Investing in individual stocks gives you the potential for amazing rewards. But if the volatility keeps you awake late at night, there's no shame in retreating to the smoother ride you can get from other types of investments.

Even given how strong the recent rally has been, the churning markets have continued to punish certain stocks. Look at a few big movers from earlier this month:




Principal Financial (NYSE:PFG)

Dec. 3


Aeropostale (NYSE:ARO)

Dec. 3


Kroger (NYSE:KR)

Dec. 8


Oshkosh (NYSE:OSK)

Dec. 14


FactSet Research Systems (NYSE:FDS)

Dec. 15


Source: WSJ.

To put those figures in perspective, the S&P 500 has only had annual losses of 10% or more on a dozen occasions in the past 80 years. So to suffer that kind of loss in a single day -- believe me, if that doesn't put you into a panic, you've got nerves of steel.

Understanding risk tolerance
When it comes to investing, everyone's different. Some people are able to take sharp declines in particular stock holdings in stride -- as long as their overall portfolio value drops more modestly, they can handle a bad day from one or two of their individual stocks. A well-structured diversified stock portfolio actually embraces this kind of price behavior, realizing that if a certain stock plummets, other holdings will cushion the blow to your total net worth.

On the other hand, some investors simply can't see their stock portfolios as one cohesive unit. Instead, they want each of their holdings to do well -- and when they don't, it represents a failure in judgment and brings about the pain that losses inflict on our emotions. Left unchecked, these emotions can lead you to make even bigger mistakes than the one that got you to buy the losing stock in the first place.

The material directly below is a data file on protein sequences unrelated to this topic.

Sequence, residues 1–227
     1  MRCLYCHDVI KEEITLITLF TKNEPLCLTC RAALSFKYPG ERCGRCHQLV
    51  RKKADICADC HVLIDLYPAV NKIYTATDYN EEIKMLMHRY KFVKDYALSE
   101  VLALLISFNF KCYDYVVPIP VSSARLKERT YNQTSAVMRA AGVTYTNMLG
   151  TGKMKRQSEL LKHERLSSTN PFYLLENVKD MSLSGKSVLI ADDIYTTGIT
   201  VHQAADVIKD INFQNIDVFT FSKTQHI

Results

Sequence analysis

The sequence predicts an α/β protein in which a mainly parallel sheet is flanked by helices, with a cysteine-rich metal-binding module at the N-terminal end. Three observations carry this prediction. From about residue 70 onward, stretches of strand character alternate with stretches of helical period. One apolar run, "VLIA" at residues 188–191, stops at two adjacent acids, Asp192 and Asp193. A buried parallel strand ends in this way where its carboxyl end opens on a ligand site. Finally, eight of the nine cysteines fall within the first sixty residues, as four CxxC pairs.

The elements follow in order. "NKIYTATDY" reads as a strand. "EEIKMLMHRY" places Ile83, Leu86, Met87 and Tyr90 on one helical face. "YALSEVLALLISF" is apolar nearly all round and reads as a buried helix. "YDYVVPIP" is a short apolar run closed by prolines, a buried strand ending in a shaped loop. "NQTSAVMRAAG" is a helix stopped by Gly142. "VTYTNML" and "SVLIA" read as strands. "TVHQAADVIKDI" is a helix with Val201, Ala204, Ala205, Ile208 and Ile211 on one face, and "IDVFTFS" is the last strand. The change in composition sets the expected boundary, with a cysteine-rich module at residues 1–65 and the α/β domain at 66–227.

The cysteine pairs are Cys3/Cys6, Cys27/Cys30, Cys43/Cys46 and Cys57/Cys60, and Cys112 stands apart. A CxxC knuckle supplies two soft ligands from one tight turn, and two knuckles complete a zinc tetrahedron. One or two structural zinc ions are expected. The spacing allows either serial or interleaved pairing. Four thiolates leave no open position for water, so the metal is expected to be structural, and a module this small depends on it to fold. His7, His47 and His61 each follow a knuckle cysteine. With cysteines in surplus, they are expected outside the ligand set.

The solution for skittish investors
As much as your rattled nerves may want to take a break from turbulent markets, you don't have to give up on stocks entirely to get some relief. If the last year or so has shown you that investing in individual companies isn't your cup of tea, you have a perfectly good alternative that will still give you the stock exposure you need for long-term portfolio growth: mutual funds.

Most mutual funds hold dozens of stocks. As a result, when one or two take a big hit, the mutual fund will drop, but not nearly as severely as those individual stocks. For instance, last year, Freddie Mac fell over 25% in a single session on fears that the mortgage lending giant was insolvent. Yet a top institutional holder of Freddie Mac stock, the Legg Mason Value Trust (LMNVX), only lost about 2% of its value that day.

The price you pay
Now it's true that nothing comes without cost, and funds are no exception. You may not bear the full brunt of a Bear Stearns-style implosion, but you also won't get the full benefit of a multibagger stock. The Materials Select SPDR (XLB), for example, counts Monsanto (NYSE:MON) and Freeport-McMoRan Copper & Gold (NYSE:FCX) among its top holdings. Yet while the fund is up about 4% annually over the past five years -- handily beating the overall market -- its returns pale in comparison to the 27% and 20% annual returns for Monsanto and Freeport-McMoRan respectively over the same period.

Still, being comfortable with your investments is important. Investing in stock funds can keep you on the path toward your financial goals, letting you keep broad exposure to the stock market while also helping you avoid the mistakes individual-stock investors make.

If funds make you feel more comfortable during tough markets than individual stocks do, don't hesitate -- make the leap today. Giving up some upside potential on your investments is worth it -- especially if it makes bear markets easier to put up with.

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